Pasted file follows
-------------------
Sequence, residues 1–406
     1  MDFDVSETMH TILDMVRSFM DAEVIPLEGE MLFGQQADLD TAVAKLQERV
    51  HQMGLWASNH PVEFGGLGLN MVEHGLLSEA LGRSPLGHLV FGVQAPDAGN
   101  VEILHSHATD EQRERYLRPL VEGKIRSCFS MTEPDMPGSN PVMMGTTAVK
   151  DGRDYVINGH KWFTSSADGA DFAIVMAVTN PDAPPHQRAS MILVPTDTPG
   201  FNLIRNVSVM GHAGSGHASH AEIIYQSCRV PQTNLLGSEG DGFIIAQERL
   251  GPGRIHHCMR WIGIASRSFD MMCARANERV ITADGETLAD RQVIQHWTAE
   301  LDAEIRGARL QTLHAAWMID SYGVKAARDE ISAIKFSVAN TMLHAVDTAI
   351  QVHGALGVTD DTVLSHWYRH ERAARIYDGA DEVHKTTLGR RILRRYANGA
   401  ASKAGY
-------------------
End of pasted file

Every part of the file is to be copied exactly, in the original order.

Sequence, residues 1–406
     1  MDFDVSETMH TILDMVRSFM DAEVIPLEGE MLFGQQADLD TAVAKLQERV
    51  HQMGLWASNH PVEFGGLGLN MVEHGLLSEA LGRSPLGHLV FGVQAPDAGN
   101  VEILHSHATD EQRERYLRPL VEGKIRSCFS MTEPDMPGSN PVMMGTTAVK
   151  DGRDYVINGH KWFTSSADGA DFAIVMAVTN PDAPPHQRAS MILVPTDTPG
   201  FNLIRNVSVM GHAGSGHASH AEIIYQSCRV PQTNLLGSEG DGFIIAQERL
   251  GPGRIHHCMR WIGIASRSFD MMCARANERV ITADGETLAD RQVIQHWTAE
   301  LDAEIRGARL QTLHAAWMID SYGVKAARDE ISAIKFSVAN TMLHAVDTAI
   351  QVHGALGVTD DTVLSHWYRH ERAARIYDGA DEVHKTTLGR RILRRYANGA
   401  ASKAGY